In the world of watches, opinions about modified or customized or ‘tuned’ watches are usually not very positive. That’s why the official collaboration between LVMH brands Zenith and TAG Heuer with one of these customizers, Bamford, was remarkable, to say the least. For a few years now, another customizer is making a name for itself and does it in a rather qualitative and original way. I’m talking about Artisans de Genève, and today they launch a fully skeletonized Rolex Daytona, which they designed together with ex-Formula 1 driver, Juan Pablo Montoya. And it looks pretty cool!
In the 12 years that I’ve been running MONOCHROME, we have covered a customized Rolex just three times. There was one built by a company called Tempus Machina (see here), one made by Project X Designs (see here) and one by Label Noir with a tourbillon (see here.) Most customizers who knock on our door asking to be featured get a simple ‘sorry, we do not cover customized watches‘ as an answer. That’s because most of these watches are ‘simply’ black versions of any Rolex or Patek sports model or a diamond-set version of the aforementioned brands. And I find that utterly boring.
Now, the world of cars knows quite a few customizers and they often create nice, sometimes even awesome, versions of the original. BMW with Alpina, Mercedes-Benz with Brabus and hundreds of others doing something similar, official or unofficial. Some even manage to take things to a (much) higher level than simply customizing, like for instance Singer Vehicle Design, which created the coolest and best looking air-cooled Porsche 911’s on the planet. And Porsche… well, there’s no official statement, but the few employees of the German car manufacturer that I spoke to all agreed that what Singer does is really cool.
Why are things so different in the world of cars compared to the world of watches? One company designs and manufactures a product, another company buys the product, modifies and sells it again. But why are these practices regarded as normal, or even viewed as paying tribute to a brand in the automotive world, while in the world of watches many look upon these customizations with disdain?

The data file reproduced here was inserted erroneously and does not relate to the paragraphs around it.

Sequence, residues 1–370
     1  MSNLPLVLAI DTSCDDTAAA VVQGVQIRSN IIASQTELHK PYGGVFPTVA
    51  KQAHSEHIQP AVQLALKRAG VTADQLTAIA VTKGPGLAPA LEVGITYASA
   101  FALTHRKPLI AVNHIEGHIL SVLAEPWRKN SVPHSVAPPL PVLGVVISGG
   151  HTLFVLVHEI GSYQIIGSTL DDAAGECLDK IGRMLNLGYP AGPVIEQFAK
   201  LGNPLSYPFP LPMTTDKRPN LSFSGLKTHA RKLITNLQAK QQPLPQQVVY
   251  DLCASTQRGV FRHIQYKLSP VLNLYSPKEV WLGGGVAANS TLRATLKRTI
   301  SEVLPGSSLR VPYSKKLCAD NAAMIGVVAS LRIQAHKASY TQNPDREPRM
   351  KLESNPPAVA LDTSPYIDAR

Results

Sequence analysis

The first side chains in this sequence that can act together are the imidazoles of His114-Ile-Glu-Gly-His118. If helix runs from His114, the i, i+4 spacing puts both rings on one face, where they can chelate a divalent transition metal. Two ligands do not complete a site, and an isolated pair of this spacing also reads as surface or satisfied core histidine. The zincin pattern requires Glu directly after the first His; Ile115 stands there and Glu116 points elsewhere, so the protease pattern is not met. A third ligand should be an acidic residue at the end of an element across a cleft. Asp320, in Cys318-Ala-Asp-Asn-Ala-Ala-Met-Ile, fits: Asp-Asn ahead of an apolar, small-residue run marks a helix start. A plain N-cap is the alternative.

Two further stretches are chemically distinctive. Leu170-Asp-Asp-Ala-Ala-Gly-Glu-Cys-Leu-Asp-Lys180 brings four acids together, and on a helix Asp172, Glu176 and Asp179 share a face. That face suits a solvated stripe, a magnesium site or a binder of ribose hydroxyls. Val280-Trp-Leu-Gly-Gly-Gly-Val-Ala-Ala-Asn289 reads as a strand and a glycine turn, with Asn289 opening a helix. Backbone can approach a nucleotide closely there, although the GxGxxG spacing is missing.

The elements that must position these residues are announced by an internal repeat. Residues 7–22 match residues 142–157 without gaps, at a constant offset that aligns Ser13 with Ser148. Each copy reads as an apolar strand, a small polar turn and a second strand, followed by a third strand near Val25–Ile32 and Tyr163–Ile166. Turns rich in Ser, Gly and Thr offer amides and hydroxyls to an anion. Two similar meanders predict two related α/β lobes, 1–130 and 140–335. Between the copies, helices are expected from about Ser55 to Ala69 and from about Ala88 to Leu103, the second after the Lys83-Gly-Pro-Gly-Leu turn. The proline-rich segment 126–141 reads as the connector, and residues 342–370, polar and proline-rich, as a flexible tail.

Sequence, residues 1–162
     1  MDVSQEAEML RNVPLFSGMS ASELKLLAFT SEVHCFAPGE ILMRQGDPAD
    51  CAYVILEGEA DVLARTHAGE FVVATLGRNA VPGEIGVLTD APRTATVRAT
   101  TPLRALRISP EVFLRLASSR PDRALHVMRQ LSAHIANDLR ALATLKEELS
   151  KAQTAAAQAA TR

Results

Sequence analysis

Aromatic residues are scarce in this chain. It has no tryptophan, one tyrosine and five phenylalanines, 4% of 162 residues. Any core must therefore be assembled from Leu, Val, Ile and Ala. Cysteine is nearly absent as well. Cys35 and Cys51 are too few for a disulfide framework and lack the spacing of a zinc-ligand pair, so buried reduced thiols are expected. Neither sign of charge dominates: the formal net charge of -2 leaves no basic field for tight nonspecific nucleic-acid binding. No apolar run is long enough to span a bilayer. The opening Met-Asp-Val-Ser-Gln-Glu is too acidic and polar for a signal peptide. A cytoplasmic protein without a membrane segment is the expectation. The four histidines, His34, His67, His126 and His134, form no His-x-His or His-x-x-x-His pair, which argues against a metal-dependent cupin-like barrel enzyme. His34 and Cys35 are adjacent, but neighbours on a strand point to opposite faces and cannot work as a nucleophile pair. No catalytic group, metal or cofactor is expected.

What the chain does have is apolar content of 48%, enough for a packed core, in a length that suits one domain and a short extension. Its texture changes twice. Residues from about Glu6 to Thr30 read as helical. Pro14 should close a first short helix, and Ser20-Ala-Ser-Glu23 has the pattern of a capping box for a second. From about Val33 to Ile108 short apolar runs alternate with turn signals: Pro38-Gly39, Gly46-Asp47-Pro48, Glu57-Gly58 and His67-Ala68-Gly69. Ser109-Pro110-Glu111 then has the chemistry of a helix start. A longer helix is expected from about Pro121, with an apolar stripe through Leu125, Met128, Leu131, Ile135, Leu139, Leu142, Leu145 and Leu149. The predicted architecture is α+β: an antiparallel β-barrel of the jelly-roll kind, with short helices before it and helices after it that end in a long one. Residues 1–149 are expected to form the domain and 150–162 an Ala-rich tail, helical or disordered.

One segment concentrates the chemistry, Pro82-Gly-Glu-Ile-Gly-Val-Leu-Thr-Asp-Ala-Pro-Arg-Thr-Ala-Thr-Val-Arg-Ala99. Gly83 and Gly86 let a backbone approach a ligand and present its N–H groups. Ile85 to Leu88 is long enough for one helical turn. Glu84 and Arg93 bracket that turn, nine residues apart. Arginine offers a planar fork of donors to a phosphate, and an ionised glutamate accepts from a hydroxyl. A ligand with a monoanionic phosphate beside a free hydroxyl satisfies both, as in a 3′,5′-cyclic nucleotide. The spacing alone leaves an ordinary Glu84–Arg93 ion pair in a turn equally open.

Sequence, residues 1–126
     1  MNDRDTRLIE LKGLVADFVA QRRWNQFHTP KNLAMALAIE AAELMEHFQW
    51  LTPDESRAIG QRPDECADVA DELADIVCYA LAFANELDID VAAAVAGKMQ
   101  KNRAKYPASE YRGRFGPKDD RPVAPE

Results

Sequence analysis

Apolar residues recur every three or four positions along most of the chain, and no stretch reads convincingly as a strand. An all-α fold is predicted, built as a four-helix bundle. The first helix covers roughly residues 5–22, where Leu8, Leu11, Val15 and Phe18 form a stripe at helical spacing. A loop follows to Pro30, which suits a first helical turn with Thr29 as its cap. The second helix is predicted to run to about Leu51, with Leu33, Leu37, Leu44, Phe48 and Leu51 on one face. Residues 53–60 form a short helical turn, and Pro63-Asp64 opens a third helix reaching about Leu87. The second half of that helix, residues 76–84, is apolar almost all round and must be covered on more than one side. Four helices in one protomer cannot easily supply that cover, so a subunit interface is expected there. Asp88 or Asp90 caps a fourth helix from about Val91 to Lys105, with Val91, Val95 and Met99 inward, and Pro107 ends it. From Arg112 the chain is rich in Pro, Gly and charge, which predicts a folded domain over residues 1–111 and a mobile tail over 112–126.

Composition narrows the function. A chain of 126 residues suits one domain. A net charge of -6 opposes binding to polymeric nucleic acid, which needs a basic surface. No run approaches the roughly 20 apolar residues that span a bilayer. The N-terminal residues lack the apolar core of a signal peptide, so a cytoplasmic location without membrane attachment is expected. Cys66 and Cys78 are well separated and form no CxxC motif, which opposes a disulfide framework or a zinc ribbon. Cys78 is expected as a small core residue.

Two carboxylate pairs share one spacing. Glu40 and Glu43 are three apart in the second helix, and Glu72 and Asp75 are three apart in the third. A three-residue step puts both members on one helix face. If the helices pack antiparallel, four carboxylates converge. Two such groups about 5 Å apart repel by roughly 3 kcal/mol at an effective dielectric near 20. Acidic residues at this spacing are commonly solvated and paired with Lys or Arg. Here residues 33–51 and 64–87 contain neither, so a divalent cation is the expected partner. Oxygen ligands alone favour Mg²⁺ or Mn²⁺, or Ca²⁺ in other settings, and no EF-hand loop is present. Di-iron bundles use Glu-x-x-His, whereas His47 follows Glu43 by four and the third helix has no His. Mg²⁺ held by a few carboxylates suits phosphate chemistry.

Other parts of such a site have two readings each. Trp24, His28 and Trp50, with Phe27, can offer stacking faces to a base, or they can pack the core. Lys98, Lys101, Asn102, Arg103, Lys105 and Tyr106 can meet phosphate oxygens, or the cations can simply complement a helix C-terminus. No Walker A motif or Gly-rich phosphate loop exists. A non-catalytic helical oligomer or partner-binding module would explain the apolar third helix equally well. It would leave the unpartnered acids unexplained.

Artisans de Genève La Montoya
When we received the news about ‘La Montoya’, I have to admit that I wasn’t overly enthusiastic. That is, until I opened the email and looked at the photos. I was actually pleasantly surprised. The previous creations by the same company also looked good and much different from the average customized (read: blackened) Rolex. But with the Rolex Daytona that was customized for Juan Pablo Montoya, again, the Geneva-based customizer did much more than the average customized Rolex.
So, what makes this one so different from the vast majority of modified watches? The stainless steel case and bracelet are more or less unaltered, although the caseback and bezel have been modified. The caseback now has a sapphire inset pane, so the (now) skeletonized Rolex calibre 4130 can be seen (or admired.) Around that sapphire crystal, the caseback has been engraved with “Les Artisans de Genève” and “Juan Pablo Montoya” and the individual number of this limited edition.
On the front side, many things have changed and the bezel has been exchanged for a custom-made bezel with tachymeter that has been machined from a forged carbon block. And as a good-old racing-inspired chronograph (and as the original model), it comes with a tachymeter scale.
The movement has been skeletonized and by that, we mean the mainplate, bridges and even the mainspring-drum have been opened. Many of the parts have been coated, but not before they have been brushed, bevelled and polished by hand. The finishing is really top notch!
The 22k grey gold rotor is polished with a circular finishing. All this creates a rather entertaining display. Especially with the skeletonized dial that is bevelled and polished by hand too and comes with three coloured counters. Like the hands, the counters are individually painted by hand, in the colours of Juan Pablo Montoya’s country, Colombia.
Thoughts about customization
The level of customizing and detailing applied by Artisans de Genève is quite impressive and it takes customization to a whole different level. But how do we feel about this subject? I’m well aware that customizations remain a ‘touchy’ topic in the microcosmos of watches. Personally, I see no harm in customizing a watch, but I also find most customizations uninspiring. A simple black version of a Rolex or Patek sports watch doesn’t do it for me – but in general, I’m not the biggest fan of black watches. I can understand that brands like Rolex and Patek say that the warranty isn’t valid once a watch has been modified by a third-party, so be aware of this fact!
While I hardly ever see ‘the point’ of customizing a watch, I don’t see much harm in doing so. The original remains the original and is exactly how the brand envisioned that model. However, sometimes an external take on things can show another side of a watch, a side that remained unexplored by the brand. When done in a very qualitative and stylish way, there’s a chance I like it. Like a great tribute to an air-cooled 911 or Mercedes AMG-GT R (by Brabus). It’s a new look on an existing car (or watch) that brings something new to the table. Like for instance the two Rolex Submariners that we showcased several years ago, or the Tribute to 1019 (Milgauss) that Artisans de Genève made, which looks absolutely fab!
What do you think of the world of modified, customized or ‘tuned’ watches? It would be great to read your opinions!